Not sure the breed...

Discussion in 'Peafowl' started by younggun, Jan 16, 2014.

  1. younggun

    younggun Out Of The Brooder

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    Jan 16, 2014
    I got these two as a rescue. I'm not sure the breed or the sex. They are six months now. The mom was white but had markings on her and the dad was blue. It is hard to tell specific breeding because they were in very poor shape when I got them (the parents). They were not kept in good conditions. Anything you could tell me about them would be helpful. Sorry the pictures aren't great they are indoors for winter and there isn't good lighting.

    [​IMG]

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  2. younggun

    younggun Out Of The Brooder

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    If it helps any they were silver when I got them as 1 month olds. Then they were brown with just a little green/blue on their back and necks. This past month (they are now 6mon) they are losing their brown feathers and they are mostly all silver with green/blue necks. I'm pretty sure they are both males. I'd just like other opinions. I've never had peacocks before...just ducks. I took these guys in to get them away from a bad situation. Thanks!
     
  3. new 2 pfowl

    new 2 pfowl Overrun With Chickens

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    Looks like you have two cute India Blue Black Shoulder boys there.
    Congratulations and good work on the rescue - my best peaboy came from rescue as well! [​IMG]

    And...
    [​IMG], or at least the corner known as the Wonderful World O' Peas!
     
  4. younggun

    younggun Out Of The Brooder

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    Will I need to separate them if they are both males? Once they mature will they need to have females? The bigger one already chases the other around quite a bit but is still upset when they are separated. I'm just concerned because I know their father was removed from the farm they came from for regularly killing emus. And at a month old these guys were already chasing the farm dogs around!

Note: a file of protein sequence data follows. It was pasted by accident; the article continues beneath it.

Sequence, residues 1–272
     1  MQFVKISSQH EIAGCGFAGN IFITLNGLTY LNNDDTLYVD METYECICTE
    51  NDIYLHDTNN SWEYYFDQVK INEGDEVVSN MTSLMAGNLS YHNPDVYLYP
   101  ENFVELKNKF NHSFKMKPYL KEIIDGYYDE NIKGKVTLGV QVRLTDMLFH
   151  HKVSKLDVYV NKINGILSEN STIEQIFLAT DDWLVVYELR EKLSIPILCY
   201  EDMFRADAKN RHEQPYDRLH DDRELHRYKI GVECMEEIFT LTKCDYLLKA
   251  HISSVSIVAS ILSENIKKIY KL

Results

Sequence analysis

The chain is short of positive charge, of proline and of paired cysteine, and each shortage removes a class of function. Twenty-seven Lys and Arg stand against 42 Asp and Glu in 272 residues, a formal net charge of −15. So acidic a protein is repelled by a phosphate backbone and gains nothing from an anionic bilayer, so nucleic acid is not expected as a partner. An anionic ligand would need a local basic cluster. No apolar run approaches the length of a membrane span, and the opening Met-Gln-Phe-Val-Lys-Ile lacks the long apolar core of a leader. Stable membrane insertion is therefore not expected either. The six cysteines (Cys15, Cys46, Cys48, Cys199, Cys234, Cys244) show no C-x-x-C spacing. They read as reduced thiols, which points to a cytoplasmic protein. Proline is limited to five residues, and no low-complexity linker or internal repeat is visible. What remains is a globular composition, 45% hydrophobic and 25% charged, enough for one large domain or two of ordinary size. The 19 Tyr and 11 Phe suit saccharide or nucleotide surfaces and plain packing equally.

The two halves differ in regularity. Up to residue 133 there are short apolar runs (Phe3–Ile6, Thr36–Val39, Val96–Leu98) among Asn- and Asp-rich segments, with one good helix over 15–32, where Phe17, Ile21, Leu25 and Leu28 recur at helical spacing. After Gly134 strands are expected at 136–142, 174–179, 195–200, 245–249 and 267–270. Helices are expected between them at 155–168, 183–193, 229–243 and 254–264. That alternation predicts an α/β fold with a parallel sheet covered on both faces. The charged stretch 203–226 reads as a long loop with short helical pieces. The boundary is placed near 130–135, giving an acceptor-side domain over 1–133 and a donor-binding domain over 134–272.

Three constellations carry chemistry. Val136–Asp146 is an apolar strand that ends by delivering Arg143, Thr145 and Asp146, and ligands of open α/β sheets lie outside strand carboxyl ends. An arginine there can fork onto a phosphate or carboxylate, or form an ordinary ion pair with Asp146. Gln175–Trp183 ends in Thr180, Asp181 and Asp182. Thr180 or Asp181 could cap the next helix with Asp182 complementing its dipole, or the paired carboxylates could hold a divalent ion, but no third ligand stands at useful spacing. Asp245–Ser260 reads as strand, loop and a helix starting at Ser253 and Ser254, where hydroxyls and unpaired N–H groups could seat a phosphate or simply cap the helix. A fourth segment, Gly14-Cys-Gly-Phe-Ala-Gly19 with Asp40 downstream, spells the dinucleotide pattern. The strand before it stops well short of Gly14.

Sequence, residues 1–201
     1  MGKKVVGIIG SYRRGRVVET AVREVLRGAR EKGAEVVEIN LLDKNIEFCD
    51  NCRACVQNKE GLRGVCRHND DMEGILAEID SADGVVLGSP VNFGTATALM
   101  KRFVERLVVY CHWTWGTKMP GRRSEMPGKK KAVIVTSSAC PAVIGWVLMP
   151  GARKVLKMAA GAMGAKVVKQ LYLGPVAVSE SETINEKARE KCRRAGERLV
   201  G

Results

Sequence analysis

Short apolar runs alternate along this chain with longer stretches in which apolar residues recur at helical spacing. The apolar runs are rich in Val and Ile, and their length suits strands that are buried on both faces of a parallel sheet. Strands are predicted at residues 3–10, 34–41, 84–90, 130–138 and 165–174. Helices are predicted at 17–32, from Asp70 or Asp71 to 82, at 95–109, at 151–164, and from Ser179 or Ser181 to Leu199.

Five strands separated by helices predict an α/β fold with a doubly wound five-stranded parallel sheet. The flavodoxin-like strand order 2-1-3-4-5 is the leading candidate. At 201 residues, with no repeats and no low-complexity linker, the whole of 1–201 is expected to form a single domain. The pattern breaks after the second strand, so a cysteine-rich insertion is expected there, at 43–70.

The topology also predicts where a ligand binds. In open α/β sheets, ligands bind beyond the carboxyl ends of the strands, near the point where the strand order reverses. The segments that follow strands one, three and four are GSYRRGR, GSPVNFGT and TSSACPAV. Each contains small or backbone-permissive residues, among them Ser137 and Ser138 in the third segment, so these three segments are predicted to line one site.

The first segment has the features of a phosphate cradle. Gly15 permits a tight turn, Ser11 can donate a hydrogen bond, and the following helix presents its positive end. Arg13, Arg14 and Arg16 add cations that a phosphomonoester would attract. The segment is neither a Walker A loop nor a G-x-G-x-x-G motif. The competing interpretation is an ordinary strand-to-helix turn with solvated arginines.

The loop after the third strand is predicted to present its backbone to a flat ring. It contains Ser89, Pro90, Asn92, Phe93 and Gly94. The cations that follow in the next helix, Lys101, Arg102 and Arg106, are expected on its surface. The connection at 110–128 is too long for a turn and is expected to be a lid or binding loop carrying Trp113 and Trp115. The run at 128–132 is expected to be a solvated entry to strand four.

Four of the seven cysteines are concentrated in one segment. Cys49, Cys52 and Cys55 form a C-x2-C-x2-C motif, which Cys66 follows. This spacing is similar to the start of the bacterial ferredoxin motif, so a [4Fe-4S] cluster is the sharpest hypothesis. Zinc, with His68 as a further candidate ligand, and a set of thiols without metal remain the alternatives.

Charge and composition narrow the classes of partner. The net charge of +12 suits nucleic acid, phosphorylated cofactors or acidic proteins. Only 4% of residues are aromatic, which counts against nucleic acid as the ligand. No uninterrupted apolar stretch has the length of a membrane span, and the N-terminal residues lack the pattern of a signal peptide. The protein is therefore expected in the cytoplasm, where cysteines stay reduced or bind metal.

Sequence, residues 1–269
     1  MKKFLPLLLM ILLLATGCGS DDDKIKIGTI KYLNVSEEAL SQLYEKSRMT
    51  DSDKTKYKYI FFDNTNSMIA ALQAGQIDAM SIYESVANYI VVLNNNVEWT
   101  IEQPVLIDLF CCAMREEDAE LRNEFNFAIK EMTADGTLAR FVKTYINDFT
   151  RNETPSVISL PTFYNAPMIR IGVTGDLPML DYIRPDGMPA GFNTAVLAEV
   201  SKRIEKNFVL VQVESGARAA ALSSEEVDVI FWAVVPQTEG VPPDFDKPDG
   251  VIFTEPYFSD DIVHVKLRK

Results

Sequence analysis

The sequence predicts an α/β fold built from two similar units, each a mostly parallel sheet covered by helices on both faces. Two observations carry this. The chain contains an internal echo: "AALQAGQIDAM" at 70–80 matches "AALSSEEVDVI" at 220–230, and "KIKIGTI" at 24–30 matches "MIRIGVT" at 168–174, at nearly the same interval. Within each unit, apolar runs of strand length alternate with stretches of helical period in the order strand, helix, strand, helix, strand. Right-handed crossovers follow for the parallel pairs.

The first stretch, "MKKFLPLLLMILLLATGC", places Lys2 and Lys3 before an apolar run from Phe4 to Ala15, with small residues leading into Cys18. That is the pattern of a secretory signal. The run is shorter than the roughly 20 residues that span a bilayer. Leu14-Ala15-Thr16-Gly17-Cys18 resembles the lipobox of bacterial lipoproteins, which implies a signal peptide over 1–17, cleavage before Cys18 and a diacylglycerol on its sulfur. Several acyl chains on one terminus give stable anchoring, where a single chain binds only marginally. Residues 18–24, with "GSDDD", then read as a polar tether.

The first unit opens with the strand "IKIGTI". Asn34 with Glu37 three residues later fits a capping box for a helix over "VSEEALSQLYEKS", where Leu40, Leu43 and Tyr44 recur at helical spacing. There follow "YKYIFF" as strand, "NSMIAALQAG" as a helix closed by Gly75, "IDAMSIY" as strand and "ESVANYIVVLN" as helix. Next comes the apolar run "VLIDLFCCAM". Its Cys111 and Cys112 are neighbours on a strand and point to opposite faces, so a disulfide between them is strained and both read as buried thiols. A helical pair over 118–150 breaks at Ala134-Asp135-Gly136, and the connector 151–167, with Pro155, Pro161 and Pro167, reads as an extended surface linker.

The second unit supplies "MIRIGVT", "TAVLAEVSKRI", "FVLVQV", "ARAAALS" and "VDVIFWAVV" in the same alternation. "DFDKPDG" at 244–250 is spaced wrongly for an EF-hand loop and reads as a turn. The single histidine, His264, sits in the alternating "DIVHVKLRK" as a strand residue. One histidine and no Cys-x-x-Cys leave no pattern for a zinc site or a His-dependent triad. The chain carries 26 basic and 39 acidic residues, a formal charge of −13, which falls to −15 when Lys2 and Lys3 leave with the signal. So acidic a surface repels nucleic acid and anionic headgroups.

I had a couple more questions...what do you use for wormer and when do they need wormed? Only as needed or regularly? Do I need to powder them for mites/lice or anything like that. I see them now picking at themselves and I am wondering if they don't have fleas from the barn. It is a sand floor. Is there anything else they need I am missing? They get fed game bird pellets, warm breakfast of rice, meal worms, fruits and veggies, cracked corn mixed in with their pellets for the winter. Minerals in their water. I just started offering grit for them. They will go back outside as soon as it warms up. But it is a huge barn and they have free range now. They have also been killing mice and small birds.
    Thanks for your help. I haven't been able to find any books on peacocks except for kid books.
     
  5. Dany12

    Dany12 Chillin' With My Peeps

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    Two males peacocks can live together without any problems ! ..... mostly in free ranching !
     
    Last edited: Jan 17, 2014
  6. Yoda

    Yoda Chillin' With My Peeps